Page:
NewsVote 2020

Actions

Florida Amendments: What to know before you vote

Posted at 3:29 PM, Oct 13, 2020
and last updated 2020-10-13 15:29:28-04

We’re about three weeks away from the election and Florida voters will decide on six state constitutional amendments when they cast their ballots. Today, we’ll break down those amendments for you.

If you’re unsure whether you’re going to cast a “yes” or “no” vote, president of the League of Women Voters in Miami-Dade, Monica Skoko-Rodriguez, explains what each amendment means:

Starting with Amendment 1. This would change one word of the state Constitution regarding who can vote in the state.

“A vote yes would place the word ‘every’ to ‘only’ a citizen when speaking about who can vote. A vote 'no' would leave the current constitutional language that every citizen may vote,” said Monica Skoko Rodriguez, President of the League of Women Voters in Miami-Dade.

Amendment 2 would incrementally increase the minimum wage of Florida workers from $8.56 an hour to $10 an hour. Then incrementally $1 a year until 2026.

Amendment 3 would open Florida’s closed primary elections for state legislators, governor and Cabinet officials.

“A a vote ‘yes’ would establish a top two open primary, you might know it as a “jungle primary”, or primary elections for state legislatures, governor and the cabinet. A ‘no’ would keep the current system of closed primaries held by each political party,” said Monica.

Amendment 4 requires constitutional amendments to be approved by 60% of Florida voters twice in two separate elections.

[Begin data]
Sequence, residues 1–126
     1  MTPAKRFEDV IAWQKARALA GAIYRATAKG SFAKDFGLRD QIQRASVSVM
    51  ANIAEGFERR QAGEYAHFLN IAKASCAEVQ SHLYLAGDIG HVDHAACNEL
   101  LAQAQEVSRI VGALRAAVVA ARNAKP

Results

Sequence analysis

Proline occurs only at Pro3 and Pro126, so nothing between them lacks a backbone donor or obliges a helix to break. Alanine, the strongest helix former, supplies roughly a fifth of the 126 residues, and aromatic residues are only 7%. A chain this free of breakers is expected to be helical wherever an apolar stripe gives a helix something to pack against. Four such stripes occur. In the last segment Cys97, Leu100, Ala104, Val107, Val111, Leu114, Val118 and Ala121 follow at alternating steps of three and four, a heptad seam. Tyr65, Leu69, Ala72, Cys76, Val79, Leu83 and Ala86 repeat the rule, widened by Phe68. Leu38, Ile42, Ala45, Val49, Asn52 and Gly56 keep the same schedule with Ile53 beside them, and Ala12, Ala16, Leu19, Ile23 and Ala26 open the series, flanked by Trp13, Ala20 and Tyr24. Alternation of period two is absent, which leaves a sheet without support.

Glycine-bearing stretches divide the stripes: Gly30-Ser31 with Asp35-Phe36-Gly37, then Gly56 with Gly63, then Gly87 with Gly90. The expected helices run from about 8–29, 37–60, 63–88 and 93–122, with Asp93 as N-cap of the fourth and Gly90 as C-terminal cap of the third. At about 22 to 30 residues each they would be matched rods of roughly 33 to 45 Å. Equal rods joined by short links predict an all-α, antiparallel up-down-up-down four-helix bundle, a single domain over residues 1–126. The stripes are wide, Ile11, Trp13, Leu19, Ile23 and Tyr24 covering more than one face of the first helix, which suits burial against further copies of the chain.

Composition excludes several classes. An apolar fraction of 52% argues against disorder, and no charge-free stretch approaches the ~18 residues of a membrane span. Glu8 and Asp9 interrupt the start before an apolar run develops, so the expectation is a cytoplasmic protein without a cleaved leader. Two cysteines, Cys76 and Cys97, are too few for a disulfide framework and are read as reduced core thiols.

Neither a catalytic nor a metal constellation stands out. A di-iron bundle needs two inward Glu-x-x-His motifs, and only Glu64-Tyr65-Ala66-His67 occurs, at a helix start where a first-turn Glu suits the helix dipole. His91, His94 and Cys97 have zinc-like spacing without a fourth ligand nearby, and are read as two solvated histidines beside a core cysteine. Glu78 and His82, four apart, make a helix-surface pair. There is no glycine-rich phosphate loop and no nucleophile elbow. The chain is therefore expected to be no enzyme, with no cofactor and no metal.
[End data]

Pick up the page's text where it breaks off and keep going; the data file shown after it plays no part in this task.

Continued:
Amendment 5 gives a person two years to transfer “Save Our Home” benefits, in homestead property tax exemptions, over to a new home.

“A vote ‘yes ‘would extend the period of transfer for the “Save Our Homs” to three years from two years and a vote ‘no’ would keep it the same at two years,” added Monica.

Amendment 6 would transfer Homestead Property Tax discounts for veterans with permanent combat-related disabilities to their surviving spouse.

“This amendment would extend that Homestead Property Tax discount to the spouses of certain deceased veterans who had that permanent combat-related disability and a vote would extend that discount and a vote no would not extend that property tax discount,” said Monica.

You can find more details on the amendments, click here.

If you are mailing out your ballot, there’s still time. Here are some important dates to remember:

  • The last day to request a vote-by-mail ballot is October 24th
  • It’s recommended to mail out your ballot by October 19th
  • Once early voting is done, you have until 7pm on Election Day to drop your ballot at your county’s SOE offices.

Virginia and North Carolina Election Resources

Key Dates and Deadlines

North Carolina

Oct. 9: Voter Registration Deadline Oct. 15-Oct. 31: Early Voting Oct. 27: Request Absentee/Mail-In Ballot Deadline Nov. 3: Absentee/Mail-In Postmark by Date Nov. 3: In-Person Voting

Virginia

Oct. 13: Voter Registration Deadline Sept. 18-Oct. 31: Early Voting Oct. 23: Request Absentee/Mail-In Ballot Deadline Nov. 3: Absentee/Mail-In Postmark by Date Nov. 3: In-Person Voting